## integration of exponential functions

I have a test tomorrow and I am hoping someone can help me with the following two integrals:

1. $$\int$$ye^$$^{-y^{2}}$$/2dy

For this one I am using substition with u=-y$$^{2}$$/2 and du = -y/4

What I don't understand is how we account for the first y in this integral.

2. $$\int$$(1/$${\sqrt{2}$$)e^$$^{-1/6(y-1)^{2}}$$dy

If I'm having trouble with the first one, you can assume I'm not getting far on this one either.

 PhysOrg.com science news on PhysOrg.com >> Heat-related deaths in Manhattan projected to rise>> Dire outlook despite global warming 'pause': study>> Sea level influenced tropical climate during the last ice age
 you're problem is unclear. can you re-type that plz.
 sure. one moment...

## integration of exponential functions

 Quote by Snarf du = -y/4
That is not right. Check the derivative of the y2 and then find du/dy.

 2. $$\int$$(1/$${\sqrt{2}$$)e^$$^{-1/6(y-1)^{2}}$$dy
This one's a bit unclear. Is it $$\exp\left(\frac{-1}{6}(y-1)^2\right)$$ or $$\exp\left(\frac{-1}{6(y-1)^2}\right)$$? Also should there be another y term in the integral somewhere?

 Recognitions: Gold Member Homework Help The first one is probably a lot easier than you think. When I see integrals like these, I always solve the derivative of a the exponential part and see what it looks like. What's the derivative of e^(-y^2)?

 Quote by neutrino That is not right. Check the derivative of the y2 and then find du/dy. This one's a bit unclear. Is it $$\exp\left(\frac{-1}{6}(y-1)^2\right)$$ or $$\exp\left(\frac{-1}{6(y-1)^2}\right)$$? Also should there be another y term in the integral somewhere?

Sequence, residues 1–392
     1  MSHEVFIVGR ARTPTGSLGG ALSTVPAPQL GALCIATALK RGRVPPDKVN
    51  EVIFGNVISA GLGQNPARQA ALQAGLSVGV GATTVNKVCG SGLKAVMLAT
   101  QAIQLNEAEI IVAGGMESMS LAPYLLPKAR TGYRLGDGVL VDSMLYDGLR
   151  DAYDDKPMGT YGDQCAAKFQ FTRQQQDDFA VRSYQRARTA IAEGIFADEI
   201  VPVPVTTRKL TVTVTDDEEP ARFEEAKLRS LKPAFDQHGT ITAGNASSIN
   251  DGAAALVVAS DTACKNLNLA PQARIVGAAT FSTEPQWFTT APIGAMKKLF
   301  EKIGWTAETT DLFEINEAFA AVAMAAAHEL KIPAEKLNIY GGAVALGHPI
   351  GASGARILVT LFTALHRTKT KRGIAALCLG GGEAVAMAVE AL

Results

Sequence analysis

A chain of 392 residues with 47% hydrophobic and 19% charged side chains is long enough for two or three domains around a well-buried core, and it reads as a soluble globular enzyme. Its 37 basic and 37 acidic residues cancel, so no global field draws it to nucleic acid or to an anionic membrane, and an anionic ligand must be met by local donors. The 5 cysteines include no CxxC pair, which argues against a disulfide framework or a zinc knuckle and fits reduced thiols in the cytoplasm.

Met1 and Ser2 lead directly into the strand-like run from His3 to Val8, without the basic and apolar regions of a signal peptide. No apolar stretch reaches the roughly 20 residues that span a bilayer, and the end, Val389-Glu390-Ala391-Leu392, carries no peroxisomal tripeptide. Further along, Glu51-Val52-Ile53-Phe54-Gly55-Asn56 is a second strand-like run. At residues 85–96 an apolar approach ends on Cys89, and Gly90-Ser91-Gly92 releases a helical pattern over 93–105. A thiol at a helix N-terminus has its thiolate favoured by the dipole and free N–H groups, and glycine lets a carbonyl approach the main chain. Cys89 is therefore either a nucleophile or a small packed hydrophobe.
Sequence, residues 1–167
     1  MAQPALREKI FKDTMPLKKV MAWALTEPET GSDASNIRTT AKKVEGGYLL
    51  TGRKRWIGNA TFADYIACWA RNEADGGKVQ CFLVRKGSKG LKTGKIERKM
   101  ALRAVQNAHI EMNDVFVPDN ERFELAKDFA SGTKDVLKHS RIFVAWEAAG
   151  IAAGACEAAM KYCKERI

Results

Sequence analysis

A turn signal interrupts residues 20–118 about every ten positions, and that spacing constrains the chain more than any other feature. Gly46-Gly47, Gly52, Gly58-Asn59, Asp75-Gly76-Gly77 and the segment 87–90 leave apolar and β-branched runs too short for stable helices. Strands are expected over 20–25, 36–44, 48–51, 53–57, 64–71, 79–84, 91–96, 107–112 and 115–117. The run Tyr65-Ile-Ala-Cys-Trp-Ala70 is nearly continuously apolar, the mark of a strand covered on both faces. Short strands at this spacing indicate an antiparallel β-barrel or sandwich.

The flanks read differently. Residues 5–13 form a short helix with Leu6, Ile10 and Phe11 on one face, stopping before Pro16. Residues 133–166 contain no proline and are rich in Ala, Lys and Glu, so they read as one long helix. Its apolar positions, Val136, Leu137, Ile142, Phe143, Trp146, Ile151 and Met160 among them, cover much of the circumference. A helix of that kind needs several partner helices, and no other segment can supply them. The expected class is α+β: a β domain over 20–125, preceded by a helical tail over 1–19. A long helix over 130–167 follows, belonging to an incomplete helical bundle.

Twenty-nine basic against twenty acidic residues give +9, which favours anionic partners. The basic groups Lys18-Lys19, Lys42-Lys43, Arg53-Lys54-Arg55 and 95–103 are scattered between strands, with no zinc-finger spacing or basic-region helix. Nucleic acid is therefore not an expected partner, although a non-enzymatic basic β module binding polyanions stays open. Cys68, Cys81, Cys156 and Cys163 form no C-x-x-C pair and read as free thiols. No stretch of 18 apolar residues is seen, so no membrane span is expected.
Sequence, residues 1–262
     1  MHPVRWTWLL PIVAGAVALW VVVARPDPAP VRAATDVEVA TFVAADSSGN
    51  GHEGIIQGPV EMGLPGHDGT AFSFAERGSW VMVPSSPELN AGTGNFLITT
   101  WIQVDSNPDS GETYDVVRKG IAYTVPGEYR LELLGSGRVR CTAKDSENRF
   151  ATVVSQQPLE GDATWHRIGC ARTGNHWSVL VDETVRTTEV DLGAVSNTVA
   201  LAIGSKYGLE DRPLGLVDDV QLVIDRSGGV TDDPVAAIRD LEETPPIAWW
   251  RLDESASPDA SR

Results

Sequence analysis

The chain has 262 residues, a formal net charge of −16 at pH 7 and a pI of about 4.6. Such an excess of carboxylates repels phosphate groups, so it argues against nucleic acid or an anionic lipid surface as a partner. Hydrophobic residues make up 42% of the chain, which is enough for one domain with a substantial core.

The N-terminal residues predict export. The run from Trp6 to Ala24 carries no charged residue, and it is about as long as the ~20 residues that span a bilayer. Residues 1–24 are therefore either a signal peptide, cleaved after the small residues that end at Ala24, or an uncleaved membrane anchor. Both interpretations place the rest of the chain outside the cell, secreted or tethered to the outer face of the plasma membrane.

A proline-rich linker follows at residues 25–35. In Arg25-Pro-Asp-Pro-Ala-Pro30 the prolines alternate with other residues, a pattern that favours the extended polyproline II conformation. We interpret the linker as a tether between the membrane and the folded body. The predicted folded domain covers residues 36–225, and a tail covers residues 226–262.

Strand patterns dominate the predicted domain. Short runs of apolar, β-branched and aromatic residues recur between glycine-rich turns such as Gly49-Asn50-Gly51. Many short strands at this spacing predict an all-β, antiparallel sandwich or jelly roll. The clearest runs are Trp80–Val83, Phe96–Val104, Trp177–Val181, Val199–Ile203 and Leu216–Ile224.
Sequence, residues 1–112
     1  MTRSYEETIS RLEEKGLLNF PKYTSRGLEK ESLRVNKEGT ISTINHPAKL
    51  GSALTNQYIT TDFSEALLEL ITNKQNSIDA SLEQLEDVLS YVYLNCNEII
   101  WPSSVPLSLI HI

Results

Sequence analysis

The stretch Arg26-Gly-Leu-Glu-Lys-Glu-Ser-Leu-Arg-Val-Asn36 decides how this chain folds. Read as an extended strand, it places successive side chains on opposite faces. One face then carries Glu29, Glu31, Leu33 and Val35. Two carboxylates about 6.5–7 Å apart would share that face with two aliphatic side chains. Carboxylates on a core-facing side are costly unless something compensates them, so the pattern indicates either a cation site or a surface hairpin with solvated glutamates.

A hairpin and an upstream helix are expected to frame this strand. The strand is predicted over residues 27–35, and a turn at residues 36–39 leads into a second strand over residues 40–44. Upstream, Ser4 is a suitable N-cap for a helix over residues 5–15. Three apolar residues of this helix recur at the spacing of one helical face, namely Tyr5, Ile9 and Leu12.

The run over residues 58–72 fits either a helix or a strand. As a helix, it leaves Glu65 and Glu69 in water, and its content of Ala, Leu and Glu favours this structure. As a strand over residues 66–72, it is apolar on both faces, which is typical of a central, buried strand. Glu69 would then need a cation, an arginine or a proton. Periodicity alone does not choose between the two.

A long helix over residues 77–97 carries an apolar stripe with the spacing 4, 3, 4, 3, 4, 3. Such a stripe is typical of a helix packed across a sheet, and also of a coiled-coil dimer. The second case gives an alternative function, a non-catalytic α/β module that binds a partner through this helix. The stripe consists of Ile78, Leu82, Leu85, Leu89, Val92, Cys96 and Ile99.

The first one $$\exp\left(\frac{-1}{6}(y-1)^2\right)$$

 Quote by JasonRox The first one is probably a lot easier than you think. When I see integrals like these, I always solve the derivative of a the exponential part and see what it looks like. What's the derivative of e^(-y^2)?
-2ye^(-y^2) ?

 Quote by Snarf The first one $$\exp\left(\frac{-1}{6}(y-1)^2\right)$$
I don't think it's possible to solve the second integral in terms of elementary functions.

 neutrino the derivative of -y^2/2 would be -y?

 Quote by neutrino I don't think it's possible to solve the second integral in terms of elementary functions.
Would it help if it was being integrated from negative infinity to infinity?

Should have put that up initially

 So... for the first one would the answer be -2ye^(-y/2)?

 Quote by Snarf Would it help if it was being integrated from negative infinity to infinity? Should have put that up initially
Ah. There are some ways of dealing with that.

 or is it -2ye^(y^2)?

 Quote by Snarf So... for the first one would the answer be -2ye^(-y/2)?
 Quote by Snarf or is it -2ye^(y^2)?
Neither. The derivative of $$e^{-\frac{y^2}{2}}$$, with respect to y, $$-ye^{-\frac{y^2}{2}}$$.

 Quote by neutrino Neither. The derivative of $$e^{-\frac{y^2}{2}}$$, with respect to y, $$-ye^{-\frac{y^2}{2}}$$.
Oh. Now I see why you gave me that great hint.

Now as far as your hint on the second one... very interesting, but a bit complex for me. The last time I took a calc class was about three years ago.

Does this look like I'm getting close?

$$=\int_{0}^{\infty}\int_{0}^{\infty} e^{-{(1/6(y-1)^2+1/6(x-1)^2)}} dxdy$$

 You could use a sub. like u = (1/6)(y-1) to simplify things.